Web performance optimization is crucial for the success of any online business. However, starting from its definition, the topic brings with it elements of complexity: what does the performance of a website consist of? Which indicators have a real impact on the business and, therefore, must be constantly detected and monitored?
Depending on the type of activity and the business model, web performance can be represented by indicators such as:
The universe of web, digital by definition, can count on a vast ecosystem of performance indicators, the selection of which depends on the business objectives that the company sets itself.
An e-commerce will focus its attention on conversions; an online magazine will be more attentive to traffic, time-on-page and bounce rate; a company in full expansion strategy towards the Chinese market (for example) will evaluate the traffic increases coming from a certain geographical area.
We live in an era driven by data, of which the web is the first major manifestation. Compliance permitting, any element of the online experience can be monitored, evaluated, and investigated. For this reason, after identifying in the first instance which KPIs to monitor, companies have the burden of tracing the causes of the surveys, both positive ones and – more frequently – those that need corrective action.
So why is the time-on-page low? Why does traffic suffer strong dispersions in the e-commerce purchase path? Why is the site not positioned like the competitors despite the investments in advertising and in the quality of the content? Clearly, it is not possible to give a single answer, but it is precisely from the selection, analysis and integration of different KPIs that companies can understand where to intervene with targeted activities.
By way of example, social activities or the advertising could drive non-target traffic to the site, in this case the internal user experience (on-page) can be highly improved, by improving the copy and SEO activities.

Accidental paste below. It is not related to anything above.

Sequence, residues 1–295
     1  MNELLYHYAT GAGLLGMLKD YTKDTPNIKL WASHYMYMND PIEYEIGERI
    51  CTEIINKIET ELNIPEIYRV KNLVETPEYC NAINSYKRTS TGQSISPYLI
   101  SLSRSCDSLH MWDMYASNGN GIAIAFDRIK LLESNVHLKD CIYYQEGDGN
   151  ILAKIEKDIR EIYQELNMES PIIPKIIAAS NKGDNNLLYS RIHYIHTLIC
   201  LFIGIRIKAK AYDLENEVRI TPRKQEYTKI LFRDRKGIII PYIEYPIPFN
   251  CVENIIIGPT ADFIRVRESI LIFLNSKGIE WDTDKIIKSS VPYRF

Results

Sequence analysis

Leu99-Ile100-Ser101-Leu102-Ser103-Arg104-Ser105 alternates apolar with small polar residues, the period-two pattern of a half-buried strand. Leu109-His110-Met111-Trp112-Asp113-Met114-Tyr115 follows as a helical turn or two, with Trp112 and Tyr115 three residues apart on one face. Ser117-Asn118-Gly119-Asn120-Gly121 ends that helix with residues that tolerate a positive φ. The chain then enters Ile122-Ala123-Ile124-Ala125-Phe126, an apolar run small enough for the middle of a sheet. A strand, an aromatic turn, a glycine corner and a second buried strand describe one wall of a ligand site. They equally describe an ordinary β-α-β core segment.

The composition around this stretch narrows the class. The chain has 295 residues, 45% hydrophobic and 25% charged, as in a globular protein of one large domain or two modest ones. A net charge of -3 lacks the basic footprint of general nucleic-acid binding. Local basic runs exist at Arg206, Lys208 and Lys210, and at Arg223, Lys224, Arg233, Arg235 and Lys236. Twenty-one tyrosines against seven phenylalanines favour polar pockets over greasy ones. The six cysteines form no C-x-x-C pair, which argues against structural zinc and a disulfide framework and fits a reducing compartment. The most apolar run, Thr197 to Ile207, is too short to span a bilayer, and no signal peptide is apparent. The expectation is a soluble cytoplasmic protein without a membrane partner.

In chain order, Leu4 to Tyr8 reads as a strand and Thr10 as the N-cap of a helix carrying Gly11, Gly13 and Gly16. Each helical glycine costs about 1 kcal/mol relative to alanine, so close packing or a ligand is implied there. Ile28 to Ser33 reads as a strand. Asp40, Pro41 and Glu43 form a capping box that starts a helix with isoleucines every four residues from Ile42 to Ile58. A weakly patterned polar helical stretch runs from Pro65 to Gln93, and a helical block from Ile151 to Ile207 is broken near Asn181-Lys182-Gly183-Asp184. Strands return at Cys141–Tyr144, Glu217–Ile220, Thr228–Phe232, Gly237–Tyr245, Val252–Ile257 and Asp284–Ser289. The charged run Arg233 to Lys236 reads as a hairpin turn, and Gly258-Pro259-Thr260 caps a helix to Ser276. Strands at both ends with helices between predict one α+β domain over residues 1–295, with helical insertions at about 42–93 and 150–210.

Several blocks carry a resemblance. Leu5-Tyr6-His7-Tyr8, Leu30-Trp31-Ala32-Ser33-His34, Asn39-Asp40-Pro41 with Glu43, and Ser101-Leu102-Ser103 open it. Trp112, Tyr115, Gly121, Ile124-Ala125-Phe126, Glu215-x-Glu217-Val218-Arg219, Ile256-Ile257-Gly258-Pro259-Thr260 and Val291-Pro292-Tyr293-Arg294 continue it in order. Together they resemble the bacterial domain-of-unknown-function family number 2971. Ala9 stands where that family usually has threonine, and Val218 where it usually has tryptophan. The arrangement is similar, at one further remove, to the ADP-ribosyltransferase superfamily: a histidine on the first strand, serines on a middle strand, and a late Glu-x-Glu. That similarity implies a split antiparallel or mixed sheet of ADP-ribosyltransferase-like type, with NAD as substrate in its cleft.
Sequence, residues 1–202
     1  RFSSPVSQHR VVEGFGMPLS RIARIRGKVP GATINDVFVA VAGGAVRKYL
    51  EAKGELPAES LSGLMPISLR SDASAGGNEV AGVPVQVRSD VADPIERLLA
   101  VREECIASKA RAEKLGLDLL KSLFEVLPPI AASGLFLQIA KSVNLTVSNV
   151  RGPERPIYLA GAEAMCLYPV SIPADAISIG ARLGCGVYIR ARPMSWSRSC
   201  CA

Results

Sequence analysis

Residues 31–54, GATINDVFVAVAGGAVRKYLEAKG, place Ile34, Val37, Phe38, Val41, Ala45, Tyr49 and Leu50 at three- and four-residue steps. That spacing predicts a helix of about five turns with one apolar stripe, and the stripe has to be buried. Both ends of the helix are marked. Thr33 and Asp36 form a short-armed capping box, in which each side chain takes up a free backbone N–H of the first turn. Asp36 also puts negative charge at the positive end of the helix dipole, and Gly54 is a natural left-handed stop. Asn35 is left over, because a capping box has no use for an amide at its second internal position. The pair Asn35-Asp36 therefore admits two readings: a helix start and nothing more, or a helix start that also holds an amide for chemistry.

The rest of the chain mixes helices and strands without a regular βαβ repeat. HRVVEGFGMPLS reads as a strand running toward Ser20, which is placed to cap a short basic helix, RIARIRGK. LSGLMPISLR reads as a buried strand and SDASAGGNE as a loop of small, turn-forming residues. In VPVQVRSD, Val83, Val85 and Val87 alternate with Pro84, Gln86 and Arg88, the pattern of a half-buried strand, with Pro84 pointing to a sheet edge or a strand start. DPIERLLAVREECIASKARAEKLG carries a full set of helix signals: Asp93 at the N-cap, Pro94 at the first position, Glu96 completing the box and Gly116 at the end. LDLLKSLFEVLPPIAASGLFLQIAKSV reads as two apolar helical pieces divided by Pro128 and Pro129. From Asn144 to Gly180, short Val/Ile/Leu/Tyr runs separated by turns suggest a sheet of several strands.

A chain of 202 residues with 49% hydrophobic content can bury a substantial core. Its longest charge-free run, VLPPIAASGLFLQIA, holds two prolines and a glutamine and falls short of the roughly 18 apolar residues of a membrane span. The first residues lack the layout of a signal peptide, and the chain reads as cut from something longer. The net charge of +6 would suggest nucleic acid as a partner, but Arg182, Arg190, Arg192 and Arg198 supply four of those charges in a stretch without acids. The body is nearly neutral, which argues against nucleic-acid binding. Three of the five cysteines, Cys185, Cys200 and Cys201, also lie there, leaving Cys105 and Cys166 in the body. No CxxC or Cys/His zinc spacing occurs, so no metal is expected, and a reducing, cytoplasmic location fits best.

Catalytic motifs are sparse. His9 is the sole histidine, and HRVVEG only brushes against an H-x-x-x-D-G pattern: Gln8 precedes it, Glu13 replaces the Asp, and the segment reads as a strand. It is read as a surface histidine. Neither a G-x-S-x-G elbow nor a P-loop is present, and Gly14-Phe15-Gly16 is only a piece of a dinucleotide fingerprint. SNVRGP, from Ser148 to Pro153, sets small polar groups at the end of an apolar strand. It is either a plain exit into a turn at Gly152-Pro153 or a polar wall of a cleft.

In the world of web performance, there is an area on which the attention of all companies is concentrated: that of technical KPIs. In this context, the expression web performance has a unique meaning: the ability of the site to guarantee availability 24/7 (uptime) and to provide the visitor with the content he wants in the shortest possible time, regardless of the device used and the geographical location of the user.
There are at least two main reasons why site performance should be fast in satisfying user requests: the customer experience and the positioning in search engines. The first is easily explained: in a web landscape that makes 24/7 availability and fast page speed opening its strong point, introducing a delay (latency) between the request and the rendering of the page increases the bounce and leads customers (actual and potential) away to the competition.
The second factor depends on Google’s indexing policies, which are strongly influenced by the technical performance of the site, and in particular by page speed, an indicator that can be easily monitored with the tools made available by the company. The topic of optimization is extremely complex, and is beyond the scope of this article.
So what are the main technical KPIs that affect web performance? The following list of technical KPIs are valid regardless of the type of business and its objectives:
Measure the page loading time starting from the user’s request.
It is the sum of three elements:
It depends on many factors, including content optimization and the use of one or more Content Delivery Networks (CDNs).
Given the centrality of engagement, companies must accelerate the time that elapses from the request for content to the possibility of interacting with the page, from a simple link to a contact form.
It is the amount of requests the server receives every second. Beyond a certain threshold (which depends on each case), performance begins to deteriorate and traffic balancing and bandwidth management strategies must be adopted.
This is the time from the request to the receipt of the first byte of custom content. Current websites are heavily based on dynamic content, so the TTFB measures the server’s ability to generate custom content and transmit it as quickly as possible to the user’s browser.
Measure the number of server-side errors in a given timeframe. It is especially useful for analyzing trends, for example in relation to traffic peaks (promotions, events, certain periods…).
The above list is certainly partial, but it is intended to be a useful starting point for keeping web performance under control, considering the strong impact of technical parameters on business results.
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